Boys, Balls and Joga Bonito


I was in an airport again last week, again on my own and again for work. But despite clocking up more miles travelling on my own than in company, I can never get bored in airports, infact they are a melting pot of inspiration, where people from so many different places can be gathered under one roof. I have realised how I often end up people watching, usually sat on a bench eating the usual airport sandwich; trying to work out where they are from or even where they are going, what they do and who they are watching, just like me.

This time I was standing in the check-in queue when to my left a small ball went rolling past the corner of my eye, followed by the short running steps of a boy of about six years-old. Back he came again in the same energetic manner after catching up the ball and kicking it back to where he came from - at the front of the queue where his parents were about to check-in their luggage.

He continued to play around the queue in his own private football game, not stopping for a second, and for a moment, as I was stood their patiently and uncomfortably still, and being the sportsman I am, I wanted to join in.

Or was it not being the sportsman but the boy that I am? Because boys and balls go together. Er, and before you start sniggering I'm talking about balls as in football, tennis, basketball etc. Well actually, maybe that's the reason for boys obsession with balls - we are born with them. Give a boy a ball and it is his world. He will play anywhere and anytime. The world is his pitch or his court; the world becomes a playground. When I was a kid I did the same as this very kid in my back garden. Not one summer day I failed to do so. Last summer I was at one of my best mates' house and I did the same with my godson. When I was a teenager we played in the living room of friends' houses. When the parents left, the match started.

I got bored of standing still in that queue. I wanted to drop my luggage and go and play ball with that six year-old. Maybe that's why guys never really grow up; boys will be boys and when we see a ball we roll back the years and we are six years-old again. If you watch Lionel Messi play for Barcelona he plays like a born professional, but he is just really a six-year old boy in the playground, all the money and stardom are left behind at his feet. Cesc Fabregas left Arsenal this season to go back to Barcelona where he grew up, to what is really just playing with his mates.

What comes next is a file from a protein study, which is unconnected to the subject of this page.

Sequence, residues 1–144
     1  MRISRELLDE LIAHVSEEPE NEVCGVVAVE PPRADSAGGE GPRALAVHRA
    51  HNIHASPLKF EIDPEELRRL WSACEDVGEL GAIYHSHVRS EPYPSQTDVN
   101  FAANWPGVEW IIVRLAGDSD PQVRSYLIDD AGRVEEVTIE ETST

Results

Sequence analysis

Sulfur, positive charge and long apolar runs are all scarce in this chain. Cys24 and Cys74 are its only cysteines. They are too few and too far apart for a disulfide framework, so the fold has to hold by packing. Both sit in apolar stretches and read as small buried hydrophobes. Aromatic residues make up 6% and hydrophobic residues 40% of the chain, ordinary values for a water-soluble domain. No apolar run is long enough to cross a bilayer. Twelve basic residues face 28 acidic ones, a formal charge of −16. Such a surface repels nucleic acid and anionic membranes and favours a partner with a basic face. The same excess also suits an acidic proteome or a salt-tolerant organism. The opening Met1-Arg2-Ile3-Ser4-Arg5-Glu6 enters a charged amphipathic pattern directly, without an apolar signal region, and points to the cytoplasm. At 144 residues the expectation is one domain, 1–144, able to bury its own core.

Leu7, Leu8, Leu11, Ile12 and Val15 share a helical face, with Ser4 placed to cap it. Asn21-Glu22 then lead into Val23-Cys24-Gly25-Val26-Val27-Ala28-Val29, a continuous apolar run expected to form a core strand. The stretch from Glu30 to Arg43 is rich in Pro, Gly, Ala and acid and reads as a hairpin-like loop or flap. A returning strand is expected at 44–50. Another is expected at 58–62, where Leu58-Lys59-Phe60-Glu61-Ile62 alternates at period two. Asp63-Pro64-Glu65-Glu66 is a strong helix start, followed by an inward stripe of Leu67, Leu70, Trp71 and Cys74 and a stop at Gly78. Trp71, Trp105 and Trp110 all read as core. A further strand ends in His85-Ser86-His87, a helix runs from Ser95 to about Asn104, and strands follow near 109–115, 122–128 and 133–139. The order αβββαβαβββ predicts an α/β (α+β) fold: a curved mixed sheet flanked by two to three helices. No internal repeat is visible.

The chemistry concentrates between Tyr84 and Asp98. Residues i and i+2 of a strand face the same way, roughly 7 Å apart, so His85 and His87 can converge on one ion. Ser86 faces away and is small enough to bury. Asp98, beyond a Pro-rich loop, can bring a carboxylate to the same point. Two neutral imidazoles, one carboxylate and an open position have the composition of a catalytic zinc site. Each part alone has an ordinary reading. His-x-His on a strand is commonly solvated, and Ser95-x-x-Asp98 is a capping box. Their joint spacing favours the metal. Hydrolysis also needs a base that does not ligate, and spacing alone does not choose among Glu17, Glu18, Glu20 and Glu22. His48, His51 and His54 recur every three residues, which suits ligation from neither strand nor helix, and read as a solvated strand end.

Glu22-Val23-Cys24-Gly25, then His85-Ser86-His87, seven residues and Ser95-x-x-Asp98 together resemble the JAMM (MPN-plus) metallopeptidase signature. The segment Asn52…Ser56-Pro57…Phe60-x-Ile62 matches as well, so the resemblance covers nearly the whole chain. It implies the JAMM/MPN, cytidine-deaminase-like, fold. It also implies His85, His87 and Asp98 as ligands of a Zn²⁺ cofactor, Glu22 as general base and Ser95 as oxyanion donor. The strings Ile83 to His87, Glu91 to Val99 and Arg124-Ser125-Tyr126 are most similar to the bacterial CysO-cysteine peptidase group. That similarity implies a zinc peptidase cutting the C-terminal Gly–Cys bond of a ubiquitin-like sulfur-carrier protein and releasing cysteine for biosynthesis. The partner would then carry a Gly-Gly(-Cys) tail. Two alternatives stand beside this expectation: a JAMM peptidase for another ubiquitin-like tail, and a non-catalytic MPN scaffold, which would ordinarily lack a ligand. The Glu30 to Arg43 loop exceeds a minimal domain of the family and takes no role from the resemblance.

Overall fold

Give me a hockey ball and a hockey stick and I will never be able to resist having a dribble for the rest of my life. I can imagine myself in my old age still doing an indian dribble even if I may be sat down and to weary and old to force my legs in to play, the wrists must be able to manouvre. I really can't imagine not. The airport floor would have been similar to playing Indoor Hockey in our winter season.

The kid kicked the ball and it bounced off one of the columns of the airport terminal structure. It must have been a goal he scored, in off the post.

Even in the office, how many times do we scrumple up pieces of paper and play basketball in the bin? I don't know a man that hasn't. The man that really is just a boy.

The six year-old then slid across the shiny marble airport floor to catch a slow, trundling and rebounding ball. It must have been a sliding tackle.

I have always had a squash ball that I squeeze in my hands to train my wrists. I also lay on the sofa and throw it back and forth at the wall. I am really Captain Virgil 'The Cooler King' Hilts in The Great Escape, aka Steve Mcqueen. That ball (and glove) would save my sanity, that I am sure of.

I wanted to shout 'pass...pass it' to the six year-old boy.

I think this is where there is a connection with my love of dogs. Dogs will always chase balls, they will never grew old of it, male and female dogs alike.

In that check-in queue the Nike Tv advert with the Brazilian 'Sele├žao' National team sprung to mind. The Joga Bonito - the beautiful game - flowed through an airport terminal at the magical, samba-style happy feet, where grown men earning fame and fortune were due to play in the World Cup Finals. They may as well have been in the garden, or the playground, or anywhere a ball can roll, be kicked, flicked or kept up.

Just do it. Nike have said this for years. And that's all we boys will ever do. Give us a ball and we will do it. We will play forever with a ball. It's a dog's life really. And whoever invented that phrase as a metaphor of hard life should have thought again.

Adidas say impossible is nothing. Adidas is all in. Well, give me a ball and it is impossible that I will not play. Andrew is all in.

The parents finished checking-in and walked off with their boarding passes calling "Venga, vamos" at their playful Spanish son to pick up the ball and hurry along. I was left waiting my turn, looking to my left at the kid's playground. I could make out a goal with the column and the next one along, even if it was a big one. One of the benches could have been a goal, with another bench further along and opposite being the goal at the other end of the pitch. My imagination reconstructed the moves like Messi, not Jagger. I imagined kicking a ball like a free kick from where I was stood to the terminal entrance which actually was a goal to me. I wondered if I could flick or scoop a hockey ball the length of the check in area with my hockey stick without it bouncing.

To the ball I am devoted.


'Joga Bonito' by Andrew Granville, aged six.


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